The Complexity of Digital Identity

The age of social media has brought with it many jokes about the hours people waste online checking their feeds.

But what draws them to social media in the first place?

Social media users are engaging in a deeply human practice called “identity work,” or the “shaping, managing, and working at one’s concept of self,” say Ulrike Schultze, professor of information technology and operations management at Southern Methodist University’s Cox School of Business in Dallas, Texas; and Magnus Bergquist, senior lecturer in informatics at Sweden's University of Gothenburg. Identity work has been studied in face-to-face interactions, but Schultze and Bergquist studied the phenomenon in the digital arena.

In 2010, the researchers examined 40 hours of interviews and 120 photo-diary entries of eight residents of the online virtual world Second Life. The pair identified three types of social discourse: market, involving commercial transactions using Second Life’s currency, the Linden Dollar; play, involving activities impossible in the real world, such as flying; and sociality, which refers to relationships, group participation, and social obligations. Sociality also allows individuals to experiment with identities other than those they have in real life. On Twitter and Facebook, market discourse measures users’ social capital by the number friends or followers they have.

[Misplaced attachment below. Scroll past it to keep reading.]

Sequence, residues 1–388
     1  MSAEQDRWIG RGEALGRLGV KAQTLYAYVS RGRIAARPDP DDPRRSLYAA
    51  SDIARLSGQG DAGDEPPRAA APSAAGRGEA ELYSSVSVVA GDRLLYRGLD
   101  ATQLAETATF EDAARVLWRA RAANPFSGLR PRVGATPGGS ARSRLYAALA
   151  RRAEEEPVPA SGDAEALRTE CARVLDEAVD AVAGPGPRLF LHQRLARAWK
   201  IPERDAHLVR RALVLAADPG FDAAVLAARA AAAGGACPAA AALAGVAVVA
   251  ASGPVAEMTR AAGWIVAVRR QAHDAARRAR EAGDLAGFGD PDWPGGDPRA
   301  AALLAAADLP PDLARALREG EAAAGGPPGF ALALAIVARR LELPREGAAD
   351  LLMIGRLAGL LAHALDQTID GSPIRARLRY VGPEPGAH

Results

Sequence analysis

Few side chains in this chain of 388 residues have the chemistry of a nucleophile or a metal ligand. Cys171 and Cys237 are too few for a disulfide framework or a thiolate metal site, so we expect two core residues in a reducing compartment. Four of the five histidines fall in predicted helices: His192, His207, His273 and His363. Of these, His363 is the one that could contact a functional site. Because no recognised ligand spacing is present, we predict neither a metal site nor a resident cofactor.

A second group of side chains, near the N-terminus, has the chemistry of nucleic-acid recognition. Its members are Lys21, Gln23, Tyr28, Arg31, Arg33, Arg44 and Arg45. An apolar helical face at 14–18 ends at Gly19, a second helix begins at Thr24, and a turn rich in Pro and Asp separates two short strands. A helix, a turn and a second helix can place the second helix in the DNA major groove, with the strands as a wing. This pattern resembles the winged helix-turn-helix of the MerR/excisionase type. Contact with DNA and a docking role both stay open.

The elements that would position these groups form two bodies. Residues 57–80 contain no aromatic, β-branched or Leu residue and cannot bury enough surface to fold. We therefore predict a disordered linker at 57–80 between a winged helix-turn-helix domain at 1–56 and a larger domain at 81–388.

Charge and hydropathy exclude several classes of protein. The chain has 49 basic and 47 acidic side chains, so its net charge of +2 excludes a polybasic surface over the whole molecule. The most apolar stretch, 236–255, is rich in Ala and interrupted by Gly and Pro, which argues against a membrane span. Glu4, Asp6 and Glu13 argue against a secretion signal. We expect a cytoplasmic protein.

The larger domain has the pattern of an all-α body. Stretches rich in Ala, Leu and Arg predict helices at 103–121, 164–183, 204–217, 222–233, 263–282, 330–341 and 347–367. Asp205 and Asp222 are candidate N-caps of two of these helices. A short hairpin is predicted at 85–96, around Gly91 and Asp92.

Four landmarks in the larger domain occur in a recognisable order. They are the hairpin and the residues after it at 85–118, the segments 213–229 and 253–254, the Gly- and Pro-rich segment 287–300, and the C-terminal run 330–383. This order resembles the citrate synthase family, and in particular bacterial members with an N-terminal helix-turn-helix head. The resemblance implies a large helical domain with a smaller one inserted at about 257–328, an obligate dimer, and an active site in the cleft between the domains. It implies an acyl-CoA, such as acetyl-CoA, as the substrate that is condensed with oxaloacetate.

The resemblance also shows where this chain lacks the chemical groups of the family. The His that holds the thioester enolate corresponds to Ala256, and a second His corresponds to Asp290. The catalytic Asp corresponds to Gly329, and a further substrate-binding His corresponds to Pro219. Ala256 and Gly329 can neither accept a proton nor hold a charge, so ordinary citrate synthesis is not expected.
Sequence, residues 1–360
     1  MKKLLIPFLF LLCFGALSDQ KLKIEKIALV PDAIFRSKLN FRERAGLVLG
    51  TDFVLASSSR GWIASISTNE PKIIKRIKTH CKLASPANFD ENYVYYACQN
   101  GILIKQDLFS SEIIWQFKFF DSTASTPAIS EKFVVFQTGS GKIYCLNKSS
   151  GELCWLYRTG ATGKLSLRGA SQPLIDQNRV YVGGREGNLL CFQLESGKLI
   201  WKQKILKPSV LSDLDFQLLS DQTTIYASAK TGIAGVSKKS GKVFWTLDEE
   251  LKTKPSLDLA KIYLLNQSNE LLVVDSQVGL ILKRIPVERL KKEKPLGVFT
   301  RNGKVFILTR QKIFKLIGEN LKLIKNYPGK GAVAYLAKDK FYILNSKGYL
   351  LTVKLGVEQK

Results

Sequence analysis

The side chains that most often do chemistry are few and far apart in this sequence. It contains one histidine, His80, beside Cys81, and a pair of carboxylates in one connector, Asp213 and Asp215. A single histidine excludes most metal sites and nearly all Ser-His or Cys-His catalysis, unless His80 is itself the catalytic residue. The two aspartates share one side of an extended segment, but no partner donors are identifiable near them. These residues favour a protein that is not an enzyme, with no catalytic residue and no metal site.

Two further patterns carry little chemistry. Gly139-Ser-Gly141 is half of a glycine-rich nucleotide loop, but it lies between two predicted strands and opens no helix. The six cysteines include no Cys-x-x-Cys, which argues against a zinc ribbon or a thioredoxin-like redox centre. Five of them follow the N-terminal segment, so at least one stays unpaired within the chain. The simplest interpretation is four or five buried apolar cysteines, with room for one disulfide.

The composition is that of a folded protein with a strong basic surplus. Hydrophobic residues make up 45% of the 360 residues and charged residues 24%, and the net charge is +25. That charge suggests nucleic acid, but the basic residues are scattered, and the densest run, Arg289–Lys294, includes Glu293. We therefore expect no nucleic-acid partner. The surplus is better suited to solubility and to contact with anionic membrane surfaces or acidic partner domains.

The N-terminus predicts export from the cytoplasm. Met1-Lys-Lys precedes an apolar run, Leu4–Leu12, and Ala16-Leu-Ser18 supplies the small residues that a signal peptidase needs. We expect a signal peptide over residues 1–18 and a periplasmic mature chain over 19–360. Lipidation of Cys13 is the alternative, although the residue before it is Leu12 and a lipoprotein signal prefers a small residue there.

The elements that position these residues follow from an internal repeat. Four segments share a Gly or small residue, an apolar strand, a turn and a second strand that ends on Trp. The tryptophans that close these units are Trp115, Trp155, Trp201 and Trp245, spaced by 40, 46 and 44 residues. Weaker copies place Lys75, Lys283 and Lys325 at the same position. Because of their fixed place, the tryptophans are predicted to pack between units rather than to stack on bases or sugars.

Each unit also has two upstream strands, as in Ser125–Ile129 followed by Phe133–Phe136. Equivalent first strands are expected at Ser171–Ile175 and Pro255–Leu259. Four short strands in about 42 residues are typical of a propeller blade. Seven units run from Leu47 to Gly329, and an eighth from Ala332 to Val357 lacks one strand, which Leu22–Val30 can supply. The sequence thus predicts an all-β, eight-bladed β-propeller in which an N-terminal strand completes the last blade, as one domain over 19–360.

Companies that pay attention to the discourse most valued on a network can better target their social media strategies, say the authors. Individuals, too, must become more adept at managing their digital lives, which are quickly becoming intertwined with their real ones, especially now that online users can “tag” acquaintances in online posts in ways largely outside their control.

“Even though you can leave a cyberbody behind and create a new identity on a new site, these undeletable bodies live on in some shape or form,” says Schultze. “Managing your identity thus increasingly becomes hard work.”

Their paper “Towards a Discursive Theory of Social Media Affordances” is currently under review.